Labour will want to keep its Trident options open

A half-hearted commitment to renewal would make an easy concession to Lib Dems in future coailtion talks.

As with so many policies, Labour’s official position on whether or not it is worth funding a like-for-like replacement for the Trident submarine-based nuclear missile system is under review. More specifically, the view is that the party supports Britain having a nuclear deterrent. (Of course it does. The party isn’t about to revisit early 80s-style unilateral disarmament.) But the question of whether or not that requires having big Cold War-design submarines lurking in the seas ready to retaliate against the Soviets remains undecided.

So it is naturally a matter of interest when Des Browne, a former Labour defence secretary, co-authors an article in the Telegraph suggesting Trident may have had its day; not least because he championed the opposite view in government.

At the moment, on the government side, the matter is also subject to a review, headed by Danny Alexander, the Liberal Democrat Chief Secretary to the Treasury. The very existence of that process is held up by Lib Dems as a mini-policy triumph, effectively thwarting the Tories’ hopes of prompt Trident renewal in this parliament. Scrapping the system is one of those totem Lib Dem policies in which activists take an especially vigorous interest even if the public is largely uninterested.

Labour, meanwhile, are ambivalent. There is still a whiff of CND around the party, but there is also a residual fear from the macho New Labour era of looking like a bunch of weak-kneed lefty pacifists. The Browne position is eminently reasonable: if there is a workable, cheaper alternative that retains some nuclear deterrent capacity, it would be perverse for a cash-strapped government not to take it.

That isn’t to say Labour is ready to adopt such a position. But it is worth noting that a final decision isn’t due before 2016 and it certainly won’t be taken this side of an election. That leaves Labour with the option of a manifesto pledge keeping all Trident options open. It probably hasn’t escaped the leadership’s notice that a vague, half-hearted commitment to Trident would also make an easy concession in the event of coalition negotiations with the Lib Dems in a hung parliament – a concession the Tories could not make.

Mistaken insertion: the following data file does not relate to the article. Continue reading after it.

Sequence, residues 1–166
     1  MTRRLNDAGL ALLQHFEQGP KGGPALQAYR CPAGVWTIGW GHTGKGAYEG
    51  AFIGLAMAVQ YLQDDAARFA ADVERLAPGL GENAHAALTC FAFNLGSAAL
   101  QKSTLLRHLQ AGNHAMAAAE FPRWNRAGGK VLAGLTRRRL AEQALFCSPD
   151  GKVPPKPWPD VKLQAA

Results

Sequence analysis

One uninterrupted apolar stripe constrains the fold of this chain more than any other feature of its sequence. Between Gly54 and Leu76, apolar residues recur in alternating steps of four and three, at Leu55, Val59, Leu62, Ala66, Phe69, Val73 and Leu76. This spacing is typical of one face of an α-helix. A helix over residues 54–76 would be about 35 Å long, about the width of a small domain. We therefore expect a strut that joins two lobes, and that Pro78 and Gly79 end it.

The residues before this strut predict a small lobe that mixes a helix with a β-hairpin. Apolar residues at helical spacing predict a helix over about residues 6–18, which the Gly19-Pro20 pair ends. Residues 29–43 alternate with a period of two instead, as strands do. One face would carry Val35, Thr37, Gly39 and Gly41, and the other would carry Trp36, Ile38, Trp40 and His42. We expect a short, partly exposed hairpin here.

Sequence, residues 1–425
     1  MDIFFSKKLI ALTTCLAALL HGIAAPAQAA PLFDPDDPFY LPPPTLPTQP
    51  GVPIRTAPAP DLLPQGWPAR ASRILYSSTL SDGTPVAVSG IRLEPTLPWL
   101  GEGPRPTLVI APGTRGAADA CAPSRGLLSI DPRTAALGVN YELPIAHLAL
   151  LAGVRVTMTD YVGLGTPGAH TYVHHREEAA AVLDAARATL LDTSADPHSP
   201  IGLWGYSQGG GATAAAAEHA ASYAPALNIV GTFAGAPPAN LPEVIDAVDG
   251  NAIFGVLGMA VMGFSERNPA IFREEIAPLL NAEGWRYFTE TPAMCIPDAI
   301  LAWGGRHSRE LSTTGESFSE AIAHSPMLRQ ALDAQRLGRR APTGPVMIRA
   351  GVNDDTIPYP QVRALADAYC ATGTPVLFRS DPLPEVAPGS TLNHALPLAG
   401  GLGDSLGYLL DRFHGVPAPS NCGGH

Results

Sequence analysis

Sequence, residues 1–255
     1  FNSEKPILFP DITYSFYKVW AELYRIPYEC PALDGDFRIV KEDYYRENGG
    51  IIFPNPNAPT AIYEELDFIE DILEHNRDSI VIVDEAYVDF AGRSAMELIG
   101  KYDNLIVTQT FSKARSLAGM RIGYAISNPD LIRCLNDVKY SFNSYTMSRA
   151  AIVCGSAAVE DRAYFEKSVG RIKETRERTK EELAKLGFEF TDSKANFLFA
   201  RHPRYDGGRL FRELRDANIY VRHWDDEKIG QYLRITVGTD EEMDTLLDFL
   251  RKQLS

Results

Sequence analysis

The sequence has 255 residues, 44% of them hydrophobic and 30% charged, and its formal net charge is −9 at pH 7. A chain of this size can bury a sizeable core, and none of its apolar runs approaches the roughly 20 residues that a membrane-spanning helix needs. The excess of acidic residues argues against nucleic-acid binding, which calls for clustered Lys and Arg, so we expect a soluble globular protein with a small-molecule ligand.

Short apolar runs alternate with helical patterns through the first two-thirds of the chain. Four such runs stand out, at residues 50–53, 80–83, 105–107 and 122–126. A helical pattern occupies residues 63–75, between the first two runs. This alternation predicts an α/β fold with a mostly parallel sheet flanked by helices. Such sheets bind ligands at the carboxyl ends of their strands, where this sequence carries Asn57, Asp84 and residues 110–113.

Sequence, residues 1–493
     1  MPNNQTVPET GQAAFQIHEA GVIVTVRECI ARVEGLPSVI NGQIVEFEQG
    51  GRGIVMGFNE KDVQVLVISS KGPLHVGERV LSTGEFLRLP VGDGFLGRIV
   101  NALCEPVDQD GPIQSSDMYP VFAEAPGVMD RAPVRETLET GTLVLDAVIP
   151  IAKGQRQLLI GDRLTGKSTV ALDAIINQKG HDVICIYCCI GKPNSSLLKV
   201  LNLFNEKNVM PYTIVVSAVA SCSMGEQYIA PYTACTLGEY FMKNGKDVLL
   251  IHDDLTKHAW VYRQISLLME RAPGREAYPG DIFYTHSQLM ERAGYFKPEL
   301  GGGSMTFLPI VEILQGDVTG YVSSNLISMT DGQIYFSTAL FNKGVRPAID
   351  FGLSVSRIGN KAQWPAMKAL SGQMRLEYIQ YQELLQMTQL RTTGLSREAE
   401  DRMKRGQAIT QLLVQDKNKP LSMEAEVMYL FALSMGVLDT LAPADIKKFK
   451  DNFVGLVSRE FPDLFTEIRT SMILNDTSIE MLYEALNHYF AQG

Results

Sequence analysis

A Trident submarine makes its way out from Faslane Naval base in Scotland. Photograph: Getty Images.

Rafael Behr is political columnist at the Guardian and former political editor of the New Statesman

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Tom Watson rouses Labour's conference as he comes out fighting

The party's deputy leader exhilarated delegates with his paean to the Blair and Brown years. 

Tom Watson is down but not out. After Jeremy Corbyn's second landslide victory, and weeks of threats against his position, Labour's deputy leader could have played it safe. Instead, he came out fighting. 

With Corbyn seated directly behind him, he declared: "I don't know why we've been focusing on what was wrong with the Blair and Brown governments for the last six years. But trashing our record is not the way to enhance our brand. We won't win elections like that! And we need to win elections!" As Watson won a standing ovation from the hall and the platform, the Labour leader remained motionless. When a heckler interjected, Watson riposted: "Jeremy, I don't think she got the unity memo." Labour delegates, many of whom hail from the pre-Corbyn era, lapped it up.

Though he warned against another challenge to the leader ("we can't afford to keep doing this"), he offered a starkly different account of the party's past and its future. He reaffirmed Labour's commitment to Nato ("a socialist construct"), with Corbyn left isolated as the platform applauded. The only reference to the leader came when Watson recalled his recent PMQs victory over grammar schools. There were dissenting voices (Watson was heckled as he praised Sadiq Khan for winning an election: "Just like Jeremy Corbyn!"). But one would never have guessed that this was the party which had just re-elected Corbyn. 

There was much more to Watson's speech than this: a fine comic riff on "Saturday's result" (Ed Balls on Strictly), a spirited attack on Theresa May's "ducking and diving; humming and hahing" and a cerebral account of the automation revolution. But it was his paean to Labour history that roused the conference as no other speaker has. 

The party's deputy channelled the spirit of both Hugh Gaitskell ("fight, and fight, and fight again to save the party we love") and his mentor Gordon Brown (emulating his trademark rollcall of New Labour achivements). With his voice cracking, Watson recalled when "from the sunny uplands of increasing prosperity social democratic government started to feel normal to the people of Britain". For Labour, a party that has never been further from power in recent decades, that truly was another age. But for a brief moment, Watson's tubthumper allowed Corbyn's vanquished opponents to relive it. 

George Eaton is political editor of the New Statesman.